Credit Claims For Boston Restaurant Workers: Legal Strategies For Income Stability – After years of artificially low menu prices, service charges seem an inevitable, annoying part of eating out now
Amy McCarthy is a writer at , focusing on pop culture, politics and work, and just the weirdest online trends.
Credit Claims For Boston Restaurant Workers: Legal Strategies For Income Stability
If you’re the type of diner who regularly eats at restaurants, you’ve almost certainly noticed a “service charge” attached to your check at one establishment or another. These fees, which can range from 3 percent to 20 percent of your total bill, are increasingly ubiquitous as the cost of doing business becomes more expensive for restaurants. They are also endlessly complicated, both for the diners who pay for them and the employees who are supposed to benefit from them. Now, the fees have inspired a lawsuit at Los Angeles hot spot Jon & Vinny.
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To make the case for service fees, many restaurateurs insisted they were a way to make pay more equitable between front-line workers like hosts and servers and kitchen workers like line cooks and dishwashers. Many of the restaurateurs who started charging service fees did so as a way to get rid of the notoriously unfair tipping system altogether — or because their attempts to eliminate service fees by raising menu prices failed. And many, including industry heavyweights like Danny Meyer’s Union Square Hospitality Group, have been unable to make the no-inclination model work due to personal departures over lower front-of-house pay, customer sticker shock, or both. The service charge, as Benu’s Corey Lee said a few years ago, is a bridge: “The idea of a ‘tip’ is so ingrained in American dining culture that most diners are not ready for service-inclusive pricing,” Lee said. back in 2019. “So we’re splitting it up for them as a separate charge so they can see what’s going on.”
But many restaurant workers say these service charges benefit restaurant owners more than actually improving wage equality in these establishments. In June, a group of servers at Los Angeles’ popular Italian restaurant Jon & Vinny’s filed a lawsuit, claiming they don’t actually benefit from the restaurant’s 18 percent service charge. The lawsuit also claims the charge is confusing to customers, many of whom believe the service fee is there instead of a traditional tip. In response to the lawsuit, the owners of Jon & Vinny’s denied the servers’ claims, and told the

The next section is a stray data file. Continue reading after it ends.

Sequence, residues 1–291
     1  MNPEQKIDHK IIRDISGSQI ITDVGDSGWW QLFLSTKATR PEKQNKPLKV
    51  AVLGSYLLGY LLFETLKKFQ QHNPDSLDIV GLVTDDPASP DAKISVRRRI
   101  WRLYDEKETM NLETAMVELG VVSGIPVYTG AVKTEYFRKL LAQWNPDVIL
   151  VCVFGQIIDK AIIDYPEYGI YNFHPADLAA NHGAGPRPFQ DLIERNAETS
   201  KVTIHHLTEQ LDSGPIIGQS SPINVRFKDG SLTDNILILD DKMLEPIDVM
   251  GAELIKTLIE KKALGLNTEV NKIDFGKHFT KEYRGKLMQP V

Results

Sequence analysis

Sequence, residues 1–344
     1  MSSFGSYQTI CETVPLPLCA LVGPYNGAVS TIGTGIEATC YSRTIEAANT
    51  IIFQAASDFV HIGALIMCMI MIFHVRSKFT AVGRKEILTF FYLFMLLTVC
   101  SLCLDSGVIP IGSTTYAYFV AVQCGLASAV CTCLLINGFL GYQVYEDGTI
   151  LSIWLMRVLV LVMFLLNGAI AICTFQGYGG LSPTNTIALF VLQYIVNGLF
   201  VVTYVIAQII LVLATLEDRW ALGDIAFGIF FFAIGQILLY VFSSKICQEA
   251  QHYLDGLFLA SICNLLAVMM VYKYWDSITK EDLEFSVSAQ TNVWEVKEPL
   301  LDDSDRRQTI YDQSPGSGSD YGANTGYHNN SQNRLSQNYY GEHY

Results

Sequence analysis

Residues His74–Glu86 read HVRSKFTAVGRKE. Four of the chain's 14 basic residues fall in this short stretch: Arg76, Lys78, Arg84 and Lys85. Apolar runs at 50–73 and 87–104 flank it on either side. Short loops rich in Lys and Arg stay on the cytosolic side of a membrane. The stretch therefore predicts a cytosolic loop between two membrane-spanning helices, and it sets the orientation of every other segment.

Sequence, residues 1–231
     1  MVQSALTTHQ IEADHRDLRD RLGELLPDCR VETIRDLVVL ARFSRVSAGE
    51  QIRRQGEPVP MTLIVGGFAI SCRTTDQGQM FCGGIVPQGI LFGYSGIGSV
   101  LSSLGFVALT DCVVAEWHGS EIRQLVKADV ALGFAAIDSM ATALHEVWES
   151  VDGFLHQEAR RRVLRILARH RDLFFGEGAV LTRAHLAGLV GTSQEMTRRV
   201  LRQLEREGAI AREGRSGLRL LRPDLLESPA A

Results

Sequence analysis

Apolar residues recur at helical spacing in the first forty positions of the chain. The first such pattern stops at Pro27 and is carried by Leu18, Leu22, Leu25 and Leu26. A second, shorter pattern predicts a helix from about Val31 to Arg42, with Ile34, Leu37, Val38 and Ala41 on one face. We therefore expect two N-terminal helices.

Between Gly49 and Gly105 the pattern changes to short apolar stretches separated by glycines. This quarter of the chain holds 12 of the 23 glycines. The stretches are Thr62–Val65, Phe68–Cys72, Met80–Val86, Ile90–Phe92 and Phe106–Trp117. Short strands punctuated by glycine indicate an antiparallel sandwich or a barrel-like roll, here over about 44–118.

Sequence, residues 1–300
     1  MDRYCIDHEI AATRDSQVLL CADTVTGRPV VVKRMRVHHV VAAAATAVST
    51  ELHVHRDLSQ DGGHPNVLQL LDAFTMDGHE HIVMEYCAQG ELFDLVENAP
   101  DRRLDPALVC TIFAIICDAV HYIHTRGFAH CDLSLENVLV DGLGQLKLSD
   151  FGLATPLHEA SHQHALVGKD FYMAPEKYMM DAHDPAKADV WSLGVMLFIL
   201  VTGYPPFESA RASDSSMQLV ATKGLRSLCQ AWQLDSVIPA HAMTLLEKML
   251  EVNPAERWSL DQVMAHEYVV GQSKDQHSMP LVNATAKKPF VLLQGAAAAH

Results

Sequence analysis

A November 2022 receipt from Jon & Vinny’s, reviewed by , is printed with a lengthy disclaimer that the 18 percent service charge it charges is not a tip, and “enables the restaurant to provide fair wages to all of our employees.” (The
Quoted a line cook who said the fee resulted in his earning above minimum wage.) Shortly after the lawsuit was filed, Jon & Vinny updated the disclosure on their receipts, and servers say the new wording made little difference to diners. And while the goal of pay equity, as explained on the receipt, is noble, it’s probably a stretch to assume that customers, stuffed with pasta and natural wine, spend significant amounts of time reading the fine print at the bottom of their receipt; the servers say diners tip less or nothing. But that’s the fundamental problem with both fees and service fees: Restaurants are one of the only industries in which customers are responsible for ensuring that all workers in an establishment are paid an overall fair wage.
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Whether or not you actually buy the servers’ argument in the lawsuit, one thing is abundantly clear: Service fees are really confusing for customers. It is not unreasonable for diners to believe that something called a “service charge” would be compensation for the person who prepares their food, serves them and cleans up after them, even if that is not always the case. And considering how many people in general are just terrible cheaters, it’s perhaps not surprising that some of them balk at the idea of paying an extra 15 or 20 percent to the server on top of that 18 percent that, oops!, might go. to the owners of the restaurant.